Filled with numerous varieties of exotic water lilies, tropical bananas, papyrus, and koi fish, the Italian Garden pays tribute to George Vanderbilt and Fredrick Law Olmsted’s vision each year. Although it’s is one of the most visited areas on the estate, many guests do not realize this special garden is astoundingly accurate to Fredrick Law Olmsted’s original design in 1895.
In early spring, Biltmore Gardeners Charles Cissell and Steven Ayres strategically choose which lilies they will order from Tricker’s Water Gardens – the very same supplier that Olmsted used in 1895. The William Tricker Company was one of the first commercial water lily growers in the United States, experimenting with growing and hybridizing water lilies to improve the shape, colors and hardiness. Olmsted’s keen eye took note of these unique beauties and deemed them a perfect fit for Biltmore, an idea that still rings true today.
From planting, to grooming, to cleaning, the Italian Gardens require extensive maintenance. “We plant each lily in a 45-gallon nursery pot with a mixture of clay and manure. Then we use a Bobcat to lift each plant into the pool,” recalls Cissell, a process that is no doubt far easier than in 1895. Although “plant metabolism” is a foreign term to most aquatic plant novices, Cissell notes that, “Lilies are heavy feeders. We fertilize once a week and groom three times a week throughout the season, usually June to October. Grooming is especially important because the more pollinated blooms you remove, the more new blooms it will produce,” says Cissell, who has spent the last four of his seven years with Biltmore dedicated to the Italian Garden.
In addition to the lilies themselves being originally-sourced from Tricker’s, the pool filtration features the original 1895 technology as well. “It’s a natural system with constant water flowing into and out of the pools. The original gravity-fed reservoir provides the water for the pools, which also used to provide water to the house,” says Cissell. This natural filtration is especially beneficial to the dozens of koi swimming about – one of which Cissell says is close to 50 years old!
Each year, Cissell gets excited to see the new hybrids and cross-varieties that Tricker’s Water Gardens offers. He orders many of the exact plants featured in 1895, but now with new colors and hardier blooms that Tricker’s has cultivated over the years. Each pool is strategically planned and includes several varieties of night-blooming lilies, the distinct Victoria Water Platters, hardy lilies, and various banana trees and shrubs to add texture and depth.
Each lily variety works together to provide an unforgettable experience, no matter what day or time a guest visits. Night-blooming lilies reach their peak bloom in the early morning and will be completely closed by noon, while day-bloomers will open in the morning and carry into the early evening. Though each plant is expected to show between three to nine blooms at a time, Cissell notes that many guests don’t realize that lily blooms only last for three days, and he describes the bloom process as being “sort of magical.”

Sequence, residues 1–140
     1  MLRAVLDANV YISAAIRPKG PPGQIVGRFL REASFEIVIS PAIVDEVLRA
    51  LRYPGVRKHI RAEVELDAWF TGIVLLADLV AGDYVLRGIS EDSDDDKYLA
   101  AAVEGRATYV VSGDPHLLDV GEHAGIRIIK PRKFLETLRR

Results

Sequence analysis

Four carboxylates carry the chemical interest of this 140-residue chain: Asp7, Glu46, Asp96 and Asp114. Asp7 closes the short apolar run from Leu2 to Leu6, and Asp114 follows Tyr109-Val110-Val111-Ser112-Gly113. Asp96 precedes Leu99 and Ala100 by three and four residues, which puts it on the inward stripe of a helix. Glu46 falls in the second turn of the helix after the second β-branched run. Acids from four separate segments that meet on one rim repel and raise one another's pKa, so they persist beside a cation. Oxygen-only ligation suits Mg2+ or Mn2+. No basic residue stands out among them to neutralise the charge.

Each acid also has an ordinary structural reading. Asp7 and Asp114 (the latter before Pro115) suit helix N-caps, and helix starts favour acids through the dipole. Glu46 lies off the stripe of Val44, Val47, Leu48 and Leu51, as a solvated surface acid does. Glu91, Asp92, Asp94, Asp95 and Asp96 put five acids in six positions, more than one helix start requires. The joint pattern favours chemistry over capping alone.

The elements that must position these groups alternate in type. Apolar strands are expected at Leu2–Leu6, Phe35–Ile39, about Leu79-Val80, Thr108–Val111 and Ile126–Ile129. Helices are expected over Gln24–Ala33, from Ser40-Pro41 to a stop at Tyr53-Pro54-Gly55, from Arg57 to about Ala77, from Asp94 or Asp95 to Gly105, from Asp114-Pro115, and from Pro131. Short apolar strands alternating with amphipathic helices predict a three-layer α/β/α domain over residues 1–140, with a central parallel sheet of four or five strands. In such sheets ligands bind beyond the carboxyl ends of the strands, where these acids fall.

Hardy lilies typically have standard colors like red, white, yellow, and pink while tropical lilies produce vibrant blues, purples and even combinations of color. “One of my favorites is Nymphaea ‘Green Smoke’ which transitions from green outer petals to blue, then yellow inner petals to finally having light purple in its center,” says Cissell. And in the case of the large Victoria Water Platters, he notes that these lily blooms can even change colors. “The Victoria is hermaphroditic – when it blooms, it changes from female to male overnight. Beetles are attracted to this flower’s warmth, and as the bloom closes, it traps the beetles inside and forces them to pollinate the flower. The new bloom will change from white to a pink or maroon the next night.”
In 2014, the Italian Garden closely resembles original outline by Olmsted, with Cissell saying the only main difference being the center bed display. “I use a more contemporary garden design with banana trees and elephant ears. Also, due to the sheer amount of lily varieties available now, we’re able to create a mosaic effect out of the different colors they would not have had back then,” says Cissell.
The Italian Garden serves as an introduction to aquatic gardening for many Biltmore guests, as water gardens are not something often seen. It draws thousands of admirers each spring and summer, and Cissell says the garden has even inspired a few to create their own water garden at home. Parker Andes, Director of Horticulture at Biltmore says, “This is world-class. This water garden is as good as you’re going to see pretty much anywhere in the United States, but it’s a bit different. It’s uniquely Biltmore.”